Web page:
Stanford University Study Identifies Effective Instruction for English Learners

 

Stanford University professor, Claude Goldenberg, takes a "serious look at the research" on educating English Language Learners (ELLs) in American Educator's Summer 2013 issue.  Dr. Goldenberg identifies "three important principles" that are likely to be effective and are based in the research: "1) Generally effective practices are likely to be effective with ELs [English Learners]; 2) ELs require additional instructional supports; 3) The home language can be used to promote academic development."  Goldenberg also adds a fourth principle that ELs need to have "early and ample" opportunities to practice and develop proficiency (p. 5).   

Effective instructional features include: "clear goals and objectives; appropriate and challenging material; well-designed instruction and instructional routines; clear instructions and supportive guidance as learners engage with new skills; effective modelling of skills, strategies, and procedures; active student engagement and participation; informative feedback to learners; application of new learning and transfer to new situations; practice and periodic review; structured, focused interactions with other students; frequent assessments, with reteaching as needed; and well established classroom routines and behavior norms" (p.5).  But the author cautions that the above mentioned features are likely not enough for ELLs to surmount the challenges that face them and are only a foundation for effective teaching.  

Goldenberg explains that the extra supports often suggested and implemented are termed sheltered instruction but that there is little evidence that shows sheltered instruction improves academic outcomes.  He does mention the following as having benefits to learning: building on student experiences, presenting content familiar to ELLs, utilizing graphic organizers and displays, and showing videos on a topic of study along with texts to support vocabulary comprehension.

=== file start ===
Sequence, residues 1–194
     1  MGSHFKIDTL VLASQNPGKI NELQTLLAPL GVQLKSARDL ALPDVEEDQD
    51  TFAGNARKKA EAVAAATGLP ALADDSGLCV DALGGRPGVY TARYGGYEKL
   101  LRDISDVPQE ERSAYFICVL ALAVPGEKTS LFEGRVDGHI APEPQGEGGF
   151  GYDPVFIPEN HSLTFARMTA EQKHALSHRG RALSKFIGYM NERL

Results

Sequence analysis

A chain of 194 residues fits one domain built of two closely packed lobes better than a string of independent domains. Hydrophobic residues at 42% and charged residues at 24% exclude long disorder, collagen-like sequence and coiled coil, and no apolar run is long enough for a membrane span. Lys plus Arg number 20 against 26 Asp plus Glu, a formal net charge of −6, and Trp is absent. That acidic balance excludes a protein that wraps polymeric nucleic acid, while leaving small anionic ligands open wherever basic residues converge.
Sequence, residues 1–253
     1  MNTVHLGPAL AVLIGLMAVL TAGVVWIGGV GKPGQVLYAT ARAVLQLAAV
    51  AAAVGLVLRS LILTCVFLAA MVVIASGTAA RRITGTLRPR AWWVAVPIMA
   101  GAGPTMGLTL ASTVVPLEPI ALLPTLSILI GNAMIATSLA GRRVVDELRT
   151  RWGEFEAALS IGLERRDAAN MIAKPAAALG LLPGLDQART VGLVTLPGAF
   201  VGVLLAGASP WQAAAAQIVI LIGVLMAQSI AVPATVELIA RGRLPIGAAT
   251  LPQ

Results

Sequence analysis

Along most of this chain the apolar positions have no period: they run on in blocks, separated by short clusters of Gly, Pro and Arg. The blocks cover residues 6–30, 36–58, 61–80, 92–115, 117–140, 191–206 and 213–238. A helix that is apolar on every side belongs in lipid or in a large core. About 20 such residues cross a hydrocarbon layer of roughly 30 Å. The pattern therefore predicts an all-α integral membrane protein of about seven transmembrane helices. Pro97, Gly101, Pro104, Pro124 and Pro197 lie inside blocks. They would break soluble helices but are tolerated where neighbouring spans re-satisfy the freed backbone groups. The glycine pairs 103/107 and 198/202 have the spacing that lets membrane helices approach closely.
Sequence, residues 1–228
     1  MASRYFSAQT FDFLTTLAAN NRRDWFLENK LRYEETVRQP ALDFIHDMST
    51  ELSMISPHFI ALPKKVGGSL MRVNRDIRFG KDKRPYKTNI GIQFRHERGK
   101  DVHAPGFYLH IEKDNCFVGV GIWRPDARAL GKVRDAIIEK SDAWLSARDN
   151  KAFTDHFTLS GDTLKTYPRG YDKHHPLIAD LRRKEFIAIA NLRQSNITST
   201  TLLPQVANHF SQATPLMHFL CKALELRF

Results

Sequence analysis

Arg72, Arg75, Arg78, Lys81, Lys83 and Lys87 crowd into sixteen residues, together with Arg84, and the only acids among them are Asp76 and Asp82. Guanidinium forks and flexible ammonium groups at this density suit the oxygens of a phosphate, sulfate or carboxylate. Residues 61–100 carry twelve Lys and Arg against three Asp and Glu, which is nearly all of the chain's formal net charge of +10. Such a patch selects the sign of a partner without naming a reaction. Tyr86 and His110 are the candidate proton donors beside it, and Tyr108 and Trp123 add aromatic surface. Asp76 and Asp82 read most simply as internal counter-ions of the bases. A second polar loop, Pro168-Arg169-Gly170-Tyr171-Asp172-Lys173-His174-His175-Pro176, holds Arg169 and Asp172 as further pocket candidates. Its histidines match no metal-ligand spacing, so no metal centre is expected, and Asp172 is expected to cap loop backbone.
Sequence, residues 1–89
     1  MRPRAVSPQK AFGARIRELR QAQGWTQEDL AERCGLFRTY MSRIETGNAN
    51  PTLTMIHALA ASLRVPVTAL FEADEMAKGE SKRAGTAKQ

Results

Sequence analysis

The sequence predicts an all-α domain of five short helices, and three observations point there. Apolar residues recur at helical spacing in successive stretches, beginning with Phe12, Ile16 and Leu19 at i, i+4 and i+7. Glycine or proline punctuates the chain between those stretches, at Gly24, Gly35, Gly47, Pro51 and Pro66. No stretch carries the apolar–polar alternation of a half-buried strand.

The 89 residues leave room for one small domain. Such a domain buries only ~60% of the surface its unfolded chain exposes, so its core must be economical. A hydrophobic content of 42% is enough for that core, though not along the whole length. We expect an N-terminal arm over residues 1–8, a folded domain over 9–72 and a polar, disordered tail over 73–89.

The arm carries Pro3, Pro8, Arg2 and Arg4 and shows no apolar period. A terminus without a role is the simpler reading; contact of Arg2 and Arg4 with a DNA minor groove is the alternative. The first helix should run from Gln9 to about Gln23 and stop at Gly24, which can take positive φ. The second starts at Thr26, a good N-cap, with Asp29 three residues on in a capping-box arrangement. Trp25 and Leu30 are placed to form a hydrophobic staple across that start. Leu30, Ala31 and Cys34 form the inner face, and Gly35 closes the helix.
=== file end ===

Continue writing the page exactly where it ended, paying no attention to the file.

Regarding using student's home language in school he states there is consensus that bilingual education produces superior reading outcomes in English compared with English immersion.  Importantly, there is consensus that teaching students in the home language supports students in learning their home language, thus assisting them in becoming bilingual.  Goldenberg cites a couple of studies that show improvement in English reading comprehension when the teacher reviews vocabulary in the home language before reading in English and when the teacher reviews the reading in the home language post-reading.

Goldenberg closes his article with cautious optimism given what he has identified as a small but growing research base and interest in studying what works for English Learners in schools.


Note: Goldenberg has particular requirements for what he has determined is "empirical research" on English Language Learners and many studies that the reader may be familiar with may not meet his requirements for research rigor.  Therefore, those studies would not be identified as evidence.

Reference: Goldenberg, C. (2013, Summer). Unlocking the research on English Learners: What we know - and don't yet know - about effective English instruction. American Educator, pp. 4-38.


Tricia Gallagher-Geurtsen
Tricia Gallagher-Geurtsen

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